By Elizabeth Zach, RCAC staff writer
Anita LaRan returned to her childhood home in New Mexico’s Mora Valley in 1984, recently divorced, out-of-work and with three adolescent children in tow. By all accounts, it should have been a low point in her life, a sure sign of failure and desperation.
But if you think that, you don’t know Anita, whose legendary and no-nonsense skill at turning lemons into lemonade has impressed Mora locals for decades, as well as national leaders who’ve worked alongside her on projects, such as community building, environmental conservation and gender equality. She has been, in effect, Mora’s Forrest Gump, always at the ringside of social change in one of New Mexico’s poorest counties – or, perhaps more accurately, in the ring battling it out for the team.
“My ex-husband once told me, when I left him and returned to Mora, that I was just going to become another welfare statistic,” says Anita. “But I was raised to be strong, independent and accountable. And I’ve also grown during the biggest challenges in my life.”
Outstanding rural volunteer
This year, RCAC honored Anita LaRan with its Yoneo Ono Outstanding Rural Volunteer Award. Given every two years, the award signifies the recipient’s lifetime of community service.
For Anita, it is the culmination of what she has excelled at during the past 30 years: networking, fund raising, coordinating, presenting, imagining, convincing, cajoling, negotiating, and sometimes simply waiting patiently. She has attracted millions of investment dollars to Mora, served on dozens of local, state and national boards focused on rural America, advocated for main street projects, a livestock growers’ association, transportation, senior and youth programs—the list is endless. In a sense, that suits her, spurring her on to bring even more to the Mora Valley, including national attention as its county commissioners staved off oil exploration in the nearby plains and found themselves in the middle of a landmark anti-fracking court case. She was on RCAC’s Board of Directors for 12 years, winning accolades from fellow members for her insight, engagement and experience.
“Anita LaRan’s lifetime of service to her community, and involvement in numerous efforts to improve Mora County is exactly the volunteer work we want to recognize with the Yoneo Ono Award,” said Stanley Keasling, RCAC chief executive officer.
As a fifth generation Mora Valley native, born in Holman and with Picuris and Apache ancestry, Anita says she had the best teachers in her parents. No matter how busy they were with their farm and raising their children, they made time to always find out what was happening in the broader community, and to offer help.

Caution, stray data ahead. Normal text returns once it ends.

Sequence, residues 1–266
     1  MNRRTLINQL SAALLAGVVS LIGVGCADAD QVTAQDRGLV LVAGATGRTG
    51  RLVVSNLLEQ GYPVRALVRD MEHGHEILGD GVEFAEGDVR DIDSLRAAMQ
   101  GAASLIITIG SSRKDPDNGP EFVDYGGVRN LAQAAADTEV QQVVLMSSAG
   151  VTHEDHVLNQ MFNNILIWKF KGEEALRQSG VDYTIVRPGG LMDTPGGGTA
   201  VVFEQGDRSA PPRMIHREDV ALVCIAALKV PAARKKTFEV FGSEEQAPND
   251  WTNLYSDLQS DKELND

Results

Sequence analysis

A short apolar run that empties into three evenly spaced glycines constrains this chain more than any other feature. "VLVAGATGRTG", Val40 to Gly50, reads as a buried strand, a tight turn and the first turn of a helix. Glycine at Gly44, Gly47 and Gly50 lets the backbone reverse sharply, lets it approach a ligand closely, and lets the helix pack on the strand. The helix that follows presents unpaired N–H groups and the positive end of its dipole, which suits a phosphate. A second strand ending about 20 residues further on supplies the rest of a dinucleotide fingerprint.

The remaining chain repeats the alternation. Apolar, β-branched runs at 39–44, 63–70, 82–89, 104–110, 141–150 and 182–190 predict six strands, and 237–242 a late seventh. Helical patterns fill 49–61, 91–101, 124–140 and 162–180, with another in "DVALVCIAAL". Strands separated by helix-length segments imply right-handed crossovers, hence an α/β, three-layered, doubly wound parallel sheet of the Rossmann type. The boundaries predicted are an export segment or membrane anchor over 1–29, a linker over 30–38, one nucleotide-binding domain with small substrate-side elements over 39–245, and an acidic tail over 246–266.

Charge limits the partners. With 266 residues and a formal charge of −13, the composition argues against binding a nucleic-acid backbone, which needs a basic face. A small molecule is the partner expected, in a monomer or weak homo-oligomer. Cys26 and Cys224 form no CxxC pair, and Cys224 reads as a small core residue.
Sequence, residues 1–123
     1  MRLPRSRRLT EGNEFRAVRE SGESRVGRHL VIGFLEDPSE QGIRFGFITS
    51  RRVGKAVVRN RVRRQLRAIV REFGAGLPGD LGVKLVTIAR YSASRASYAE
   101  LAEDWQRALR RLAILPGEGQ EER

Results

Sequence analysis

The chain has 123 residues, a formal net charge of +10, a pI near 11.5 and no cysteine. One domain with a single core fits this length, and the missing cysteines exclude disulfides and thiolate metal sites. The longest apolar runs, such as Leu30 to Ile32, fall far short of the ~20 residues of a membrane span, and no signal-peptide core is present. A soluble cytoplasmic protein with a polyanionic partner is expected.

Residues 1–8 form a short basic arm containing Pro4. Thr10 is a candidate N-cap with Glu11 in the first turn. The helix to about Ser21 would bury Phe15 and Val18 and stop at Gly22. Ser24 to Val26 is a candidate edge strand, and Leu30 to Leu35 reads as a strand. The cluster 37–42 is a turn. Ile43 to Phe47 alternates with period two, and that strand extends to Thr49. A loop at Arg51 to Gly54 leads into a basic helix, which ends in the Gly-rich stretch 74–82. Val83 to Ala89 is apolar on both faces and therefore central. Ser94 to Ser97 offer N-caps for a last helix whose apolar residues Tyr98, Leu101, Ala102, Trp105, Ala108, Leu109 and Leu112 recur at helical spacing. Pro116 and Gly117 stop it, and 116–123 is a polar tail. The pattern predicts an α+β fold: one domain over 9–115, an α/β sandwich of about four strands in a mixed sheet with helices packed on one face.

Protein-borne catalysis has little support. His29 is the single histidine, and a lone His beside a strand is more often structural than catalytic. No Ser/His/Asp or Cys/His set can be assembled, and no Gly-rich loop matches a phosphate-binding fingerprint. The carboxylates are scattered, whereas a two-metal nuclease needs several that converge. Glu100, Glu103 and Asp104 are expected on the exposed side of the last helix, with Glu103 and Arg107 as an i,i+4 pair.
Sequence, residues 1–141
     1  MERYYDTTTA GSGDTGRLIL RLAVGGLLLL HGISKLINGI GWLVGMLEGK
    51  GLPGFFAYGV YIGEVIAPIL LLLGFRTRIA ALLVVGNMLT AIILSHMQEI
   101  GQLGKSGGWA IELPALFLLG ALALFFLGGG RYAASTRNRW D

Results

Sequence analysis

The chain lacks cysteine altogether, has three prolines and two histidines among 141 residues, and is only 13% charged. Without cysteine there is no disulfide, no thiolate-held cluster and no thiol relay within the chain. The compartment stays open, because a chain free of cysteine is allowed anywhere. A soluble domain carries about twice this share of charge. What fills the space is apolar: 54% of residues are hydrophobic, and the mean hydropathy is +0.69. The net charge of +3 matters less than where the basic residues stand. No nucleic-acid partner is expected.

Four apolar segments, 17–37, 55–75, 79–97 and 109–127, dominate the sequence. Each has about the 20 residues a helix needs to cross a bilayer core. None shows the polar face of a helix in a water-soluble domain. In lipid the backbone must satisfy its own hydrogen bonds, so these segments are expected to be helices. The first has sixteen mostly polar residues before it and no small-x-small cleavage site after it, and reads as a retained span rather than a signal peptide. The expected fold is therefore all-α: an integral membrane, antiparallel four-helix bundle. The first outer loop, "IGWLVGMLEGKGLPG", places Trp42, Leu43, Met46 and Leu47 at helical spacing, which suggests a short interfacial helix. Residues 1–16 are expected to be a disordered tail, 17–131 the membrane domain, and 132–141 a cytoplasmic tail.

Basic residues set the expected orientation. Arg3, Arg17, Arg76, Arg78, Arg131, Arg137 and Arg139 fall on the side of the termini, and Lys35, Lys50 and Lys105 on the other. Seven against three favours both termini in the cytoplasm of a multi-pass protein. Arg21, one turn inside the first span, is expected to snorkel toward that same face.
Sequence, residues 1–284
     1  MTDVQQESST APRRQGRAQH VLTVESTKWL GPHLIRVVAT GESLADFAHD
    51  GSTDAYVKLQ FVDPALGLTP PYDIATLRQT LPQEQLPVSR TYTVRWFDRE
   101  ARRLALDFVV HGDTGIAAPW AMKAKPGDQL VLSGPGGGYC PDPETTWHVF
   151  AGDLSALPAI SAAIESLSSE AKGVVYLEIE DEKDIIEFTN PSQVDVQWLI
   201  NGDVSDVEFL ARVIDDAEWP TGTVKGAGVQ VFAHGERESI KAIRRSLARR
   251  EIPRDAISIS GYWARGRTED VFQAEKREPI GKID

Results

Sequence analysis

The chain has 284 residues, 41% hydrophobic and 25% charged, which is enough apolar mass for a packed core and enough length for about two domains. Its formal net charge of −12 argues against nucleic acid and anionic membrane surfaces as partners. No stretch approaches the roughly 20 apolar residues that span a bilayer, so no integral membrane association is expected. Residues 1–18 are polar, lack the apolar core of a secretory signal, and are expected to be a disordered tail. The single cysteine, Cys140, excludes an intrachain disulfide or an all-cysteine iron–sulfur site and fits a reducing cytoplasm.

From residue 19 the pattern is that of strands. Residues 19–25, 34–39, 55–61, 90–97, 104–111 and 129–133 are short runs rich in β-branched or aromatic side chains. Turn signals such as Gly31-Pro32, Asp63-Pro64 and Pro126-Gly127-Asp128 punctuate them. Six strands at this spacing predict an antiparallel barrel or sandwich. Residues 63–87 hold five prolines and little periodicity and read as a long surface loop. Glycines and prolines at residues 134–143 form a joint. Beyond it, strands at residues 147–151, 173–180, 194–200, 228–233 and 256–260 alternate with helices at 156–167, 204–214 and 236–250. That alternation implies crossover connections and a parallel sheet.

“They were the best example. They were my role models,” she says.
In 1966, she left Holman to attend college in Albuquerque, seeing it as a ticket out of the hard physical labor she watched her parents endure. She later married, moved to California then onto Nevada, where her husband worked in the uranium extraction business. They later moved to Grants, New Mexico, but nearly 20 years later, she was back where she had started.
“I came back partly because I felt it was the best place to raise kids,” she recalls. “I told my children, ‘Look, out here, there’s not as many people, so you’ll have less competition in sports.’ We also didn’t have TV back then, so there just weren’t that many distractions.”
Her father died just two months after her return. She ended up taking over the family farm, but she would be hard-pressed to make a living for herself. In the autumn months, she gathered pine cones in the nearby Sangre de Christo Mountains, and fashioned them into wreaths and candle holders to sell at flea markets for the Christmas season. She hawked furniture from the five-bedroom home she had left behind in Grants, New Mexico.
“I was so resourceful,” she says, laughing at the memories of those lean months. “I learned to survive.”
She ended up getting a part-time job with Mora County, and her focus turned toward housing rehabilitation for the elderly. It was a fortuitous period, as she learned the ins and outs of local government, and how to build grant applications and political support. “I started out by asking a lot of questions,” she says.
However, in 1987, she says that the county commissioners queried her about rehabilitating a house that belonged to a relative of one of the commissioners. She recognized a conflict of interest, told them so, and refused to participate in the project. She was fired on the spot, but she adds that there were other threats, the worst being sexual harassment in the county offices. She filed a lawsuit against the commission and won.